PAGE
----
TenaliRaman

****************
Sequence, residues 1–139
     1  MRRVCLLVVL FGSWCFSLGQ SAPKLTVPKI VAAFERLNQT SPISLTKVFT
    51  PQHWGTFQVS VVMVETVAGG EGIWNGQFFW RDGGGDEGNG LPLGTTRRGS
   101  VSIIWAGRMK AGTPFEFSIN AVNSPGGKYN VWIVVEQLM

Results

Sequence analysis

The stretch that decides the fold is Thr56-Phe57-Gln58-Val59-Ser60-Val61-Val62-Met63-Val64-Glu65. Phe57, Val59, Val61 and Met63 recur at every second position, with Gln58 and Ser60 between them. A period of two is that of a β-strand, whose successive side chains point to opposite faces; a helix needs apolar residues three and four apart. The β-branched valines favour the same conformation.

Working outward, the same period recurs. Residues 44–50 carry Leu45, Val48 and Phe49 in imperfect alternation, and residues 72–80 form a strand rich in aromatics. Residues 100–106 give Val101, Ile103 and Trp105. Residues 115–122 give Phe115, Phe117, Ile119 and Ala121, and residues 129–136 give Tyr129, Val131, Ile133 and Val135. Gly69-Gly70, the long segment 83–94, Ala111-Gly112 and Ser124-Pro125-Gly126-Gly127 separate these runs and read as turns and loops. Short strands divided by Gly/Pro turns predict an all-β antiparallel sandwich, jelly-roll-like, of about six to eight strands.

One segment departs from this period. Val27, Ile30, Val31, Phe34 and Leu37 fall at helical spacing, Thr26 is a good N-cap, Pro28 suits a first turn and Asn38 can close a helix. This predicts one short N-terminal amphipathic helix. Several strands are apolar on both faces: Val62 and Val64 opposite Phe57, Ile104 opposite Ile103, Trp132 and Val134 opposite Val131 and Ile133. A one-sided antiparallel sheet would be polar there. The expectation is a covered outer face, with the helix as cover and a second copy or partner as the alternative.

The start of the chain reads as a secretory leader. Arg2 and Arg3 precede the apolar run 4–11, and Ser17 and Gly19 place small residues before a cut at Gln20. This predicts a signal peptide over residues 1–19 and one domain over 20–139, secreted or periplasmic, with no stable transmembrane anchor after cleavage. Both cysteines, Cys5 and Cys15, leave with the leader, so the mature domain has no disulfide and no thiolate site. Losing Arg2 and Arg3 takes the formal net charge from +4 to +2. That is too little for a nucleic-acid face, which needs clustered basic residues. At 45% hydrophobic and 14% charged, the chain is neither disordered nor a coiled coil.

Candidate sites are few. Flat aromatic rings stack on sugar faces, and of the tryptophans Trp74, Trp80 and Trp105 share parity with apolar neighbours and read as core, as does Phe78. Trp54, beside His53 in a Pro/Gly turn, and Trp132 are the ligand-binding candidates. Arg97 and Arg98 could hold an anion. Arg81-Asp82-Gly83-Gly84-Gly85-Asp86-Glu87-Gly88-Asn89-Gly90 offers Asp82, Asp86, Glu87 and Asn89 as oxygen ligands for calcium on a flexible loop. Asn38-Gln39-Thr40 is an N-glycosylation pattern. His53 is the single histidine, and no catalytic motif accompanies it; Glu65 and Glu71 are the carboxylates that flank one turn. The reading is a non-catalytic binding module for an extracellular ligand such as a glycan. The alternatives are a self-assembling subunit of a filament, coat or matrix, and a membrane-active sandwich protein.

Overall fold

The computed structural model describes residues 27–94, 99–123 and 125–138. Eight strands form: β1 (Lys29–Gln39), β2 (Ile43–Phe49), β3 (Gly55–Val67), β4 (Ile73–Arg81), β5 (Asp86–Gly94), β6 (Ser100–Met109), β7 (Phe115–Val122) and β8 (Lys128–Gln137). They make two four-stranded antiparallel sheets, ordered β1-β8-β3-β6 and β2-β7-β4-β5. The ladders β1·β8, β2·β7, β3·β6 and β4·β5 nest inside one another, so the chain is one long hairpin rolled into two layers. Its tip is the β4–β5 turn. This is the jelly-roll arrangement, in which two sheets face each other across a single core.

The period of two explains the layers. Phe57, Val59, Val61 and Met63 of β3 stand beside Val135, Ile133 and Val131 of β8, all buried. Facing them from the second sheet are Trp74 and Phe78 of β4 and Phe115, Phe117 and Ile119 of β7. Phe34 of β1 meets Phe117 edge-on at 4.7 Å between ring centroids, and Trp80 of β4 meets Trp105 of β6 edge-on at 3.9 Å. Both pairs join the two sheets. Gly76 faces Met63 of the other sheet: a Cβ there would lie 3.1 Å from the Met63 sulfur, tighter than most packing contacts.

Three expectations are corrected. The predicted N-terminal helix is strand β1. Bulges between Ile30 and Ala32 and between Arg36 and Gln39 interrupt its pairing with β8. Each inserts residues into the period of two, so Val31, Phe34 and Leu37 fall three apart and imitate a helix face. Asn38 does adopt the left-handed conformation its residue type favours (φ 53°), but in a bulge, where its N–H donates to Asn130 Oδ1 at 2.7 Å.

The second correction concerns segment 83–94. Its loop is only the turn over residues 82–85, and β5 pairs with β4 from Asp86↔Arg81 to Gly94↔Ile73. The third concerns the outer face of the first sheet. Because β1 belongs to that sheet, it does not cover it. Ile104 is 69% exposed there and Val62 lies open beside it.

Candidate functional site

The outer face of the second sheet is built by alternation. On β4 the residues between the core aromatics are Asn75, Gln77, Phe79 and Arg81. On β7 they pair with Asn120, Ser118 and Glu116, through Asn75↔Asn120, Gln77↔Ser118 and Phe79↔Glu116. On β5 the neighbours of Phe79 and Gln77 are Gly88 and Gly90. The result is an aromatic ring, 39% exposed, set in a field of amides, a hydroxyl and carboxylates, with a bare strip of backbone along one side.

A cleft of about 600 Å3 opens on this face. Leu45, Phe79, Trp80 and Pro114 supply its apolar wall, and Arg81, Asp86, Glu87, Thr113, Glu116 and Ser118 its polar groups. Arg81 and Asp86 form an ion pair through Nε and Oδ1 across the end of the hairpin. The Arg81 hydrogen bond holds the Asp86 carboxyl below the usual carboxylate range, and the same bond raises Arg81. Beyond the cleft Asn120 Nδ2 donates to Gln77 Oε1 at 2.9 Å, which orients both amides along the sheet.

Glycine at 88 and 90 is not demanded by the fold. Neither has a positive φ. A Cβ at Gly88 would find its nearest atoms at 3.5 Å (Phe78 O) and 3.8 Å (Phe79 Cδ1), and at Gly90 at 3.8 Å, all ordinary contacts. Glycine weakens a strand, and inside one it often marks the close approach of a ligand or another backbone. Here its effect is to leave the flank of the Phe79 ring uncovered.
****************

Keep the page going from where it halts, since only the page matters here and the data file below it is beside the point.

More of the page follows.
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 Oct 26 comment Prove $\int_0^{2\pi}\frac{3a\sin^2\theta}{(1-a\cos \theta)^4}$ or $\int_0^{2\pi}\frac{\cos\theta}{(1-a\cos\theta)^3}=\frac{3a\pi}{(1-a^2)^{5/2}}$ Either is fine, if you set n+1 = 2k, then in subsequent steps, you simply use n = 2k - 1. Oct 26 revised Prove $\int_0^{2\pi}\frac{3a\sin^2\theta}{(1-a\cos \theta)^4}$ or $\int_0^{2\pi}\frac{\cos\theta}{(1-a\cos\theta)^3}=\frac{3a\pi}{(1-a^2)^{5/2}}$ added 192 characters in body Oct 25 answered Prove $\int_0^{2\pi}\frac{3a\sin^2\theta}{(1-a\cos \theta)^4}$ or $\int_0^{2\pi}\frac{\cos\theta}{(1-a\cos\theta)^3}=\frac{3a\pi}{(1-a^2)^{5/2}}$ Oct 14 comment How to find the gradient of norm square Is your question correct? Since the range of g is R, the norm is pointless, f(x) is simply g(x)^2, so gradient is simply 2g(x)dg/dx Oct 5 comment Asking for help with an inequality I haven't checked the entire post carefully, but my knee jerk reaction would be - Cauchy Schwartz? $|\langle x, y \rangle| \leq \|x\|\|y\|$ - en.wikipedia.org/wiki/Cauchy%E2%80%93Schwarz_inequality#L2 Sep 25 revised Prove that $E[Y_1 + Y_2\mid X=x]$… Corrections and general facelift Sep 25 suggested approved edit on Prove that $E[Y_1 + Y_2\mid X=x]$… Sep 24 comment Subordinate norm is equal to $\Vert A\Vert_M=\Vert MAM^{-1}\Vert$ for the norm $\Vert x\Vert_M=\Vert Mx\Vert$ @AlgebraicPavel Sure. Since I suggested a slightly different approach to the OP earlier, I decided to mark the two approaches separately, so as to not obfuscate anything. Although, it might have been a tad bit unnecessary. Sep 24 comment Subordinate norm is equal to $\Vert A\Vert_M=\Vert MAM^{-1}\Vert$ for the norm $\Vert x\Vert_M=\Vert Mx\Vert$ @AlgebraicPavel In the first approach, we can show that the $\|MAM^{-1}\|$ is an upper bound to the subordinate norm and then attempt to find an $x$ that realizes this upper bound thereby proving the equality. In the second approach, one doesn't have to find such an x. The equality follows from the definition of the subordinate norm itself. Sep 24 answered Is vector W in the span of V1,V2,V3 Sep 24 revised Subordinate norm is equal to $\Vert A\Vert_M=\Vert MAM^{-1}\Vert$ for the norm $\Vert x\Vert_M=\Vert Mx\Vert$ deleted 124 characters in body Sep 24 comment Subordinate norm is equal to $\Vert A\Vert_M=\Vert MAM^{-1}\Vert$ for the norm $\Vert x\Vert_M=\Vert Mx\Vert$ We are not choosing $x = M^{-1}y$. Remember that M is non-singular, therefore, $x \to Mx$ is a bijection. Sep 24 comment Subordinate norm is equal to $\Vert A\Vert_M=\Vert MAM^{-1}\Vert$ for the norm $\Vert x\Vert_M=\Vert Mx\Vert$ I have updated the answer with a simpler approach, which avoids finding a good x. Sep 24 revised Subordinate norm is equal to $\Vert A\Vert_M=\Vert MAM^{-1}\Vert$ for the norm $\Vert x\Vert_M=\Vert Mx\Vert$ added 362 characters in body Sep 24 comment Subordinate norm is equal to $\Vert A\Vert_M=\Vert MAM^{-1}\Vert$ for the norm $\Vert x\Vert_M=\Vert Mx\Vert$ Yeap. That is what at least I have in my mind. Sep 24 answered Subordinate norm is equal to $\Vert A\Vert_M=\Vert MAM^{-1}\Vert$ for the norm $\Vert x\Vert_M=\Vert Mx\Vert$ Sep 24 comment Subordinate norm is equal to $\Vert A\Vert_M=\Vert MAM^{-1}\Vert$ for the norm $\Vert x\Vert_M=\Vert Mx\Vert$ Always start with the definition. Also, if this is a homework, do tag your question as homework. Sep 24 comment Prove that there is no function $f:\Bbb{R}\to\Bbb{R}$ with $f(0)>0$ such that $\forall x,y\in\Bbb{R}, f(x+y)\geq f(x)+y f(f(x))$ If you put x = 0, then the LHS in the first inequality you gave should be f(0) - yf(f(0)) Sep 15 accepted Positive Semi Definite Matrix Sep 15 comment Positive Semi Definite Matrix True, the general matrix will also continue to be indefinite. @Omnomnomnom has given necessary and sufficiency conditions as well. Thank you so very much to both of you for your answers.